Marketing Plans and Consumer Behavior

Marketing Plans and Consumer Behavior

Nothing highlights the need for a cogent marketing plan like the doldrums of a slumping economy. That’s when small business owners observe radical changes in consumer behavior such as belt tightening, and the postponement of large purchases.

Among the many marketing plan elements that might be adjusted in reaction to a change in consumer behavior positioning may hold the most potential. Trout and Ries suggest a six-step question framework for successful positioning:

  • 1. What position do you currently own?
  • 2. What position do you want to own?
  • 3. Whom you have to defeat to own the position you want.
  • 4. Do you have the resources to do it?
  • 5. Can you persist until you get there?
  • 6. Are your tactics supporting the positioning objective you set?

Finally, a company’s adaptation to changes in consumer behavior might also be aided by using the following framework:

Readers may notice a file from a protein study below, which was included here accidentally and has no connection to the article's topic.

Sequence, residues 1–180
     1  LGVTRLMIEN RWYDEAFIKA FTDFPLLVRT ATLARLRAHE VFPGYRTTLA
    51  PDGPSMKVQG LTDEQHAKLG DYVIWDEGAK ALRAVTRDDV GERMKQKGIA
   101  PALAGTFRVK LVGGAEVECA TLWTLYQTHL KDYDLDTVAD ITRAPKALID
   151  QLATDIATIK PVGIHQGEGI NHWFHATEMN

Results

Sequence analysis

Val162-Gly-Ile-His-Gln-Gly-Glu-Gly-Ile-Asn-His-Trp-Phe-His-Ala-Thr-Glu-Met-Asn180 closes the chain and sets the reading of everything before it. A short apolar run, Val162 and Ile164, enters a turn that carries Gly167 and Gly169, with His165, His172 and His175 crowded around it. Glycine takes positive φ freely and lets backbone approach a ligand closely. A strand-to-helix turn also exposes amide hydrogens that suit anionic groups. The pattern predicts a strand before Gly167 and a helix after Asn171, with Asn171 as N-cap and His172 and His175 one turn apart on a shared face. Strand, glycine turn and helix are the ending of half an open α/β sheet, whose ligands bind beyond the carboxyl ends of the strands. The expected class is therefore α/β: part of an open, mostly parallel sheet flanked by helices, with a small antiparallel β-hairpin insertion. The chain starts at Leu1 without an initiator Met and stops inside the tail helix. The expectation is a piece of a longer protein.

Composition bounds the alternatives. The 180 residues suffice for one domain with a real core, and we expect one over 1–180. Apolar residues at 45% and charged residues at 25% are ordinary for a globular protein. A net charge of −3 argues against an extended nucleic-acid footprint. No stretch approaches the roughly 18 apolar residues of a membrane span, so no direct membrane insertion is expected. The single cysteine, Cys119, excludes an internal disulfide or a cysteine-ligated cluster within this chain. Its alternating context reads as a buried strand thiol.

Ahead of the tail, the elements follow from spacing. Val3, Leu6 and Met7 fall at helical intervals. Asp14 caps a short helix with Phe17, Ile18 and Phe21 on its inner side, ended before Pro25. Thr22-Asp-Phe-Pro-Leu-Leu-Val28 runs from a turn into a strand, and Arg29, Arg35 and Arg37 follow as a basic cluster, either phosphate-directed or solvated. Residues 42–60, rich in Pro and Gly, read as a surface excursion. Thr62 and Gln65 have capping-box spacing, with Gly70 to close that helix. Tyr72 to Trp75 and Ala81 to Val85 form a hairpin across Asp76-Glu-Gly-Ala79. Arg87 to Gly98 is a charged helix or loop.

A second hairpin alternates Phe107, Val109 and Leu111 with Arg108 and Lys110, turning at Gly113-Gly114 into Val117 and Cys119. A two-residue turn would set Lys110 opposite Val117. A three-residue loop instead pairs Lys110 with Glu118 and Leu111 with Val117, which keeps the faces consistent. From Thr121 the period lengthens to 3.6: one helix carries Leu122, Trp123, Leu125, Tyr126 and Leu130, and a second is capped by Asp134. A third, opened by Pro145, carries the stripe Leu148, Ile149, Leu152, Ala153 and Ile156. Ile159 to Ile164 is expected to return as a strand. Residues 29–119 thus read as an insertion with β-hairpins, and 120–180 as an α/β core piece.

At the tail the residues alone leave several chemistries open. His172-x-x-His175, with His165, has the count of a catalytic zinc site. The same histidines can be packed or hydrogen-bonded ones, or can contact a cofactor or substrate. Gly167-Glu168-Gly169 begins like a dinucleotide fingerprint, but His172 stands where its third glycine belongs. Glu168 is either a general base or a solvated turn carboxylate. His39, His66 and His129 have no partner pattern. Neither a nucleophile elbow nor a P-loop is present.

Psychological Inputs





Purchase Decisions


Location Choice

Brand Choice

Other Choices

A business is in a better position to weather an economic downturn when it is buttressed by a good marketing plan. A firms understanding of consumer behavior is enhanced if its marketing plan includes careful consideration of market segmentation, targeting and positioning.

Segmentation – is essentially the identification of subsets of buyers within a market who share similar needs and demonstrate similar buyer behavior. A company should evaluate each segment with regard to profit potential.

Targeting – Identifying a segment or series of segments of the market to concentrate on, i.e., to target.

Positioning – The term ‘positioning’ refers to your firm’s ability to influence the consumer’s perception of a product or service in relation to its competitors. You need to ask yourself, what is the position of our product in the mind of the consumer?